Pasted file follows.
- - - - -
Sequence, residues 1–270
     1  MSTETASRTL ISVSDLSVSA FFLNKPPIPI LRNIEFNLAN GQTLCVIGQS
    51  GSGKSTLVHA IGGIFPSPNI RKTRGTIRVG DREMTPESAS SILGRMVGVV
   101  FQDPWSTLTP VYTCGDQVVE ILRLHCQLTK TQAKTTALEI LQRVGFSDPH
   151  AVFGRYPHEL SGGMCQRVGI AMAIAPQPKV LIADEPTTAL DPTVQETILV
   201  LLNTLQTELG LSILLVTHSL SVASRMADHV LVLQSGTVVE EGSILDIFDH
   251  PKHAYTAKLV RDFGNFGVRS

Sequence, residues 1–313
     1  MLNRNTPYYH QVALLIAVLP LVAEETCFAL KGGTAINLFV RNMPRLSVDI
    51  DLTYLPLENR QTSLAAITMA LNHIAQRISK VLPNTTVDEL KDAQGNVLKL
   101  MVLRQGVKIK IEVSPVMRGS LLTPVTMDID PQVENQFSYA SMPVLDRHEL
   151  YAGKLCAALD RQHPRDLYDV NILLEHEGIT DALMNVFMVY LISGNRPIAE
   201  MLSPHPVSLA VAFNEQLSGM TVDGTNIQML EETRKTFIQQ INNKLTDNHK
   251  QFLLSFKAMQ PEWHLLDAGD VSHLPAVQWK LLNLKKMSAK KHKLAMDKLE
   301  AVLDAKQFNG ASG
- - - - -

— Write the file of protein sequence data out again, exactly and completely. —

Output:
Sequence, residues 1–270
     1  MSTETASRTL ISVSDLSVSA FFLNKPPIPI LRNIEFNLAN GQTLCVIGQS
    51  GSGKSTLVHA IGGIFPSPNI RKTRGTIRVG DREMTPESAS SILGRMVGVV
   101  FQDPWSTLTP VYTCGDQVVE ILRLHCQLTK TQAKTTALEI LQRVGFSDPH
   151  AVFGRYPHEL SGGMCQRVGI AMAIAPQPKV LIADEPTTAL DPTVQETILV
   201  LLNTLQTELG LSILLVTHSL SVASRMADHV LVLQSGTVVE EGSILDIFDH
   251  PKHAYTAKLV RDFGNFGVRS

Sequence, residues 1–313
     1  MLNRNTPYYH QVALLIAVLP LVAEETCFAL KGGTAINLFV RNMPRLSVDI
    51  DLTYLPLENR QTSLAAITMA LNHIAQRISK VLPNTTVDEL KDAQGNVLKL
   101  MVLRQGVKIK IEVSPVMRGS LLTPVTMDID PQVENQFSYA SMPVLDRHEL
   151  YAGKLCAALD RQHPRDLYDV NILLEHEGIT DALMNVFMVY LISGNRPIAE
   201  MLSPHPVSLA VAFNEQLSGM TVDGTNIQML EETRKTFIQQ INNKLTDNHK
   251  QFLLSFKAMQ PEWHLLDAGD VSHLPAVQWK LLNLKKMSAK KHKLAMDKLE
   301  AVLDAKQFNG ASG